NEW YORK (TheStreet) -- Wedding season is in full bloom, and many newlyweds are dreaming of a happy life together. Agreement over finances and paying off debt are important preparations for a long-lasting union.
According to the
"Bank on It: Thrifty Couples Are the Happiest," conflict over money predicts divorce better than any other type of disagreement. Couples who disagree about finances once a week were over 30% more likely to divorce over time than couples who only disagree about finances a few times per month.
The study also says that perception about how well one's spouse handles money is also a factor in shaping family life. If an individual feels the spouse spends money foolishly, they report lower levels of marital happiness. It increased the likelihood of divorce 45% for men and women. Only alcohol and drug abuse, and extramarital affairs were stronger predictors of divorce.
Before you get married, know how your future spouse will treat money. Don't assume he or she shares your beliefs about money. Even if your future spouse is kind and respectful to you, he or she may treat money differently. Spending and saving habits may surprise you. A free spender before marriage will probably be a free spender after marriage.
To avoid surprises, have an honest discussion about money before the wedding day. This talk may be difficult to do, but it is necessary before joining life and finances together. If one partner has large debt or difficulties managing money, address these issues before the marriage. Debt can not only affect your financial future together, it can also severely damage your credit score.
Here are some financial tips for newlyweds:
1. Before the wedding,
show all of your cards
. Be honest about your income, debts and money problems. Bring out your bank statements from the past 12 months to show what you did with your money. Explain how your parents raised you to handle money and your strengths and weaknesses with money. Acknowledge if you are a spender or a saver.
2. Each of you should
get a copy of your credit reports
from the three credit bureaus. This will give you a clear picture of credit accounts, debts and how creditors will judge you. Aim to get your scores over 750 to receive the lowest interest rates for your first mortgage and other loans.
Have a wedding you can afford
. Do not start a life together by using a credit card to pay for a wedding that is out of your budget.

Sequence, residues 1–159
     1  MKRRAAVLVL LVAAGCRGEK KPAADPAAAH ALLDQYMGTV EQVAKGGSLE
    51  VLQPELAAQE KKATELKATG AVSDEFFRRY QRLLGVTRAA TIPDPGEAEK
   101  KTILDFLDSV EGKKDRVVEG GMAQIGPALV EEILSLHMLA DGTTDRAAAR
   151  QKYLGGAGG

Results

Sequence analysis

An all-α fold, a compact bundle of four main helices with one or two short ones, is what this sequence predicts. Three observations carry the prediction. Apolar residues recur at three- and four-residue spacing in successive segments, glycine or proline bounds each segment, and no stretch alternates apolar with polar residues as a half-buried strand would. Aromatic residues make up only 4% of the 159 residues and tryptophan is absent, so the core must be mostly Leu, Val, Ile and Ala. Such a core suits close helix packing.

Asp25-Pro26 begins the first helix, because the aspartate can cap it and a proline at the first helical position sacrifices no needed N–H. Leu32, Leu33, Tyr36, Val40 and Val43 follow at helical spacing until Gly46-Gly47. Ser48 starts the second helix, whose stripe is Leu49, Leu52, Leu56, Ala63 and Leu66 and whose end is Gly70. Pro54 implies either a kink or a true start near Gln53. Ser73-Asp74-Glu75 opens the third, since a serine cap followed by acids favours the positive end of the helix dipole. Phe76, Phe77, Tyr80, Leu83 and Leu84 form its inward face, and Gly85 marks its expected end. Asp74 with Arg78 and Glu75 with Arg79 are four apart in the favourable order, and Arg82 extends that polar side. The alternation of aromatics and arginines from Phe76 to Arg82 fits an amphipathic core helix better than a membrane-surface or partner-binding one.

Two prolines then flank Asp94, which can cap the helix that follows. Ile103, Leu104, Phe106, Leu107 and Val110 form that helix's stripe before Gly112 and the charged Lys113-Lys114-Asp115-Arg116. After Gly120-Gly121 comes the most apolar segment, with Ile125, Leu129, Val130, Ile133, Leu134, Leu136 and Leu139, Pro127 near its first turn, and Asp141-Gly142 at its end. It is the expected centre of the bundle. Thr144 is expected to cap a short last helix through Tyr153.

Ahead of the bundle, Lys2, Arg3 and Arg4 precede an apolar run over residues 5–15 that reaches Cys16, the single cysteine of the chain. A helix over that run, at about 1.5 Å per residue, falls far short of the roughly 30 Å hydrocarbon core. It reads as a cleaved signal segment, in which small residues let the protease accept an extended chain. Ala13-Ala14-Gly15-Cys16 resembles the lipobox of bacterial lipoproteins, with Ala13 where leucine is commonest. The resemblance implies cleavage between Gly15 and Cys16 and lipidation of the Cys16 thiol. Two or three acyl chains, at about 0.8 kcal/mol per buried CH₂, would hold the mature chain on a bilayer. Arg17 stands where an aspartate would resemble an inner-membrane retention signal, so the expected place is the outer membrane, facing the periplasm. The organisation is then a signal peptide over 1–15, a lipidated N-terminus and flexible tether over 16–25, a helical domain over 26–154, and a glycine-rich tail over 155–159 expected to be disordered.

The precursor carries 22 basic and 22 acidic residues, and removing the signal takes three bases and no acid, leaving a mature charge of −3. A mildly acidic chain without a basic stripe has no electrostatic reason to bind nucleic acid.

Avoid credit card debt
. The best rule of thumb is: "If you can't pay for something with cash, you can't afford it."
Get one or two credit cards
and stick with them. Use them for several purchase each month and pay them off immediately. Building a long-term payment history with one or two credit cards is an important factor in your credit score.
6. Each spouse should
hold a credit card in his or her own name
to build an individual credit score.
Pay as much on credit card balances as you can
over the minimum each month. If you receive gift money, a bonus, a second job or a tax refund, use this to pay off debt. The faster you pay it off, the quicker you can focus on saving and getting ahead. You can even make micropayments multiple times during the month to pay off your balance faster. Eat a meal at home and immediately apply the money you saved to your credit-card balance.
Make a plan for paying bills before they arrive
and decide who will pay them. If you have separate accounts, know which account pays each bill.
Reduce your debt-to-credit limit ratio
. This will help improve your credit score. Your monthly debt, including your mortgage, should not exceed 35% of your gross income.
Differentiate between wants and needs
. Then simplify your wants.It is easy to get caught in the trap of wanting more than what you have, trying to "keep up with the Joneses" and looking to material things for happiness. But this will put you on the fast track to increasing your debt. Savings and assets help build financial security and increase the odds of a strong, happy marriage that lasts.
-- Reported by Bill Hardekopf of LowCards.com.
Bill Hardekopf is the chief executive officer of
, which compares and rates more than 1,000 credit cards. He is the co-author of "The Credit Card Guidebook."